The following pages will describe the various types of problem that we have experienced in the molding of ABS.
Product design, material selection, and molding conditions
The following problems either occur individually or in combination. Click on one of the following items for more details about the corresponding problem.
Gaseous components in the plastic appear at the molding surface and collapse.
The term "short shot" or "short mold" is used to refer to a phenomenon where plastic being injection molded does not reach certain portions of the inside of the die before solidifying.
|Location||On surfaces||Ribs and bosses||Corners and tips|
|Cause||Generation of gas||Material thickness and gas volume||Plastic viscosity|
The term "jetting" is used to describe the phenomenon where plastic passing through a gate does not adhere and where flow patterns are formed on the surface of the molded product.
|Appearance||Plastic at a relatively low temperature is injected from the nozzle during the initial stage of molding, upon coming into contact with the mold wall, this plastic becomes highly viscous and swirling takes place; furthermore,as hotter plastic is continually injected into the die, the original material is pushed deeper into the die and leaves flow marks.|
The term "flow mark" is used to describe the phenomenon where a striped pattern is formed around the gates when plastic has flowed through the die.
The phenomenon of color streaking is characterized by localized changes in the color of a molded component or by streaking.
|Characteristics||Variation from the original color||
A streaking pattern in a molded product
|Cause||This type of problem is principally caused by poor thermal stability of the coloring agent. Furthermore, it occurs more easily in locations such as welds, ribs, and the like which are likely to induce shear flow.||
The term "weld line" is used to describe the narrow V-shaped line that occurs at the point where two different flow fronts meet.
The terms "flash", "fins", and "spew" are used to refer to excess molding material that penetrates into mold gaps (i.e., between parting faces, slide push-out faces, and inserts, etc.) in a molten state.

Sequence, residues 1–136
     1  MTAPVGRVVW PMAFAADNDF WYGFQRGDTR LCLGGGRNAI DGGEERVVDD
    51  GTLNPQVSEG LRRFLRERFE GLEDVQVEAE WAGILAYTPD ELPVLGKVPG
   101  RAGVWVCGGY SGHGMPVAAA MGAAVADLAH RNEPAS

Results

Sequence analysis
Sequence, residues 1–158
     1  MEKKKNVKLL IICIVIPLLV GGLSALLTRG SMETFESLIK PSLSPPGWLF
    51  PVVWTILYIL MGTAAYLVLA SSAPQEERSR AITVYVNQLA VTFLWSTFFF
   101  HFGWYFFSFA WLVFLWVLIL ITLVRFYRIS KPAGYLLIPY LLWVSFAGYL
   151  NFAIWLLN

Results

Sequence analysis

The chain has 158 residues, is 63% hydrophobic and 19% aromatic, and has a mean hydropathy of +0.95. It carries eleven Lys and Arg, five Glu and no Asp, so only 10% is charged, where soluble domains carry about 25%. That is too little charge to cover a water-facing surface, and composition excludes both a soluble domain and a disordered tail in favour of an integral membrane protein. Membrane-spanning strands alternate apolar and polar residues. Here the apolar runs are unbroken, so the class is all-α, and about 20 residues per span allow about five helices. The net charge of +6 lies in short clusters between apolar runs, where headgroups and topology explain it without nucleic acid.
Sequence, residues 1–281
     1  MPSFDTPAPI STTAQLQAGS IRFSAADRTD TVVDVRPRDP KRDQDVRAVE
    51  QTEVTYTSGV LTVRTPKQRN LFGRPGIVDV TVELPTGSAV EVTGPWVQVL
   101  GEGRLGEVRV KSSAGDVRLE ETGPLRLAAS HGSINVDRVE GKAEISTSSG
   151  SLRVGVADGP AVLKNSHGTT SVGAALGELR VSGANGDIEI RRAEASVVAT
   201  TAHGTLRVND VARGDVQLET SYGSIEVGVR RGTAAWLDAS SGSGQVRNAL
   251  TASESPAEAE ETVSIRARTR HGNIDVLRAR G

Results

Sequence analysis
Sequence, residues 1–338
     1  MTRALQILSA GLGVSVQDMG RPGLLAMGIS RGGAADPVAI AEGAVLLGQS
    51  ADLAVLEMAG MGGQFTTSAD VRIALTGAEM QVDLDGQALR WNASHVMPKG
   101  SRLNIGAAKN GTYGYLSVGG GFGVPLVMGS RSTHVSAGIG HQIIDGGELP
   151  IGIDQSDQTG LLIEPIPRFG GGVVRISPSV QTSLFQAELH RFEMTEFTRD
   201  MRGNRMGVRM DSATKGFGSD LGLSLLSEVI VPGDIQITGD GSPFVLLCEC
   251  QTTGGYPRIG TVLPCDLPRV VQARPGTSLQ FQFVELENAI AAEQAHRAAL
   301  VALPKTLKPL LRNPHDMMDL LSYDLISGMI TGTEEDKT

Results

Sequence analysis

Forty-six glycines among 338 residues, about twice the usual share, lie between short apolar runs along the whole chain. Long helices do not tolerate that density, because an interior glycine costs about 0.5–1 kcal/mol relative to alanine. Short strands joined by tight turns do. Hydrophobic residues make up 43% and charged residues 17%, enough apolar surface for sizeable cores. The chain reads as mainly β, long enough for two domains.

The term "delamination" is used to refer to a condition where a thin micaceous layer develops on the molded product and then becomes separated.
|Cause(1)||Inclusion of a plastic which has poor compatibility with ABS (i.e., PP or PS, etc.)|
|Countermeasures||Carry out cleaning.
- Inside the cylinder
- Inside the hopper
- Inside the air feed lines
- Inside the dryer
|Cause (2)||When the die and plastic temperatures are extremely low, the difference in temperatures between the outer walls and the fluid layer results in the development of a thin hard coating which then peels.|
Standardize the resin temperatures.
- Raise the temperature of the resin
- Raise the temperature of the die
The term "stringiness" is used to refer to a phenomenon where string-line sections of plastic which are formed upon opening of the die adhere to the inside of the die and are transferred to the product during the next shot, resulting in string-line unevenness on the surface of the molded component.
Thin plastic string formed at the tip of a sprue
|Plastic string after transfer to the molded component|
|Cause||High nozzle temperatures|
Sink marks or shrink marks are hollows or indentations that occur on the outer surfaces of molded components.
Warping or Twisting
"Warping" is a term used to describe the deformation which occurs when there are differences in the degree of shrinkage at different locations within the molded component.
UMG ABS Ltd. accepts no responsibility for the quality or safety of any customer products which use our materials or which have made use of any type of data provided by this company.
Customers are requested to independently determine the suitability of our materials for their products. We also request that sufficient attention also be paid to laws, regulations, and industrial rights.